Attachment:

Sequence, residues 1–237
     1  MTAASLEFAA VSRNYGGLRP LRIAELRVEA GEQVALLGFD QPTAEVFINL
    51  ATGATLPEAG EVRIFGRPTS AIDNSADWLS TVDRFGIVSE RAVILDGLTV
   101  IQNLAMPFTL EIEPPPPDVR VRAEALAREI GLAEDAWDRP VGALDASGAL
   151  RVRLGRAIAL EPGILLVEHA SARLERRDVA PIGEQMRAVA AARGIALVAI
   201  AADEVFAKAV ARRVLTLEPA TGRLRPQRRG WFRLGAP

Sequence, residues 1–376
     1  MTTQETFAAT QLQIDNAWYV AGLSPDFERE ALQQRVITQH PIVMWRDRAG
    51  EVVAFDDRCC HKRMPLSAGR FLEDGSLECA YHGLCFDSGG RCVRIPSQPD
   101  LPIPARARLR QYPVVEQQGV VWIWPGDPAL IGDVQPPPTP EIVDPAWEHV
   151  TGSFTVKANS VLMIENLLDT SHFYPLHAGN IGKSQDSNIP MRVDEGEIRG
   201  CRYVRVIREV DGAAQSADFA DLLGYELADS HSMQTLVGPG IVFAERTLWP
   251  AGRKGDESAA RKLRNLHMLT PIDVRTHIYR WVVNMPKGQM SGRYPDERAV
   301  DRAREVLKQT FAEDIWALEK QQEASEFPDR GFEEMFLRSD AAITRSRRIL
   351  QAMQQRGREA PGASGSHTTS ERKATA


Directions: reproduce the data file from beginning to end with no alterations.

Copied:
Sequence, residues 1–237
     1  MTAASLEFAA VSRNYGGLRP LRIAELRVEA GEQVALLGFD QPTAEVFINL
    51  ATGATLPEAG EVRIFGRPTS AIDNSADWLS TVDRFGIVSE RAVILDGLTV
   101  IQNLAMPFTL EIEPPPPDVR VRAEALAREI GLAEDAWDRP VGALDASGAL
   151  RVRLGRAIAL EPGILLVEHA SARLERRDVA PIGEQMRAVA AARGIALVAI
   201  AADEVFAKAV ARRVLTLEPA TGRLRPQRRG WFRLGAP

Sequence, residues 1–376
     1  MTTQETFAAT QLQIDNAWYV AGLSPDFERE ALQQRVITQH PIVMWRDRAG
    51  EVVAFDDRCC HKRMPLSAGR FLEDGSLECA YHGLCFDSGG RCVRIPSQPD
   101  LPIPARARLR QYPVVEQQGV VWIWPGDPAL IGDVQPPPTP EIVDPAWEHV
   151  TGSFTVKANS VLMIENLLDT SHFYPLHAGN IGKSQDSNIP MRVDEGEIRG
   201  CRYVRVIREV DGAAQSADFA DLLGYELADS HSMQTLVGPG IVFAERTLWP
   251  AGRKGDESAA RKLRNLHMLT PIDVRTHIYR WVVNMPKGQM SGRYPDERAV
   301  DRAREVLKQT FAEDIWALEK QQEASEFPDR GFEEMFLRSD AAITRSRRIL
   351  QAMQQRGREA PGASGSHTTS ERKATA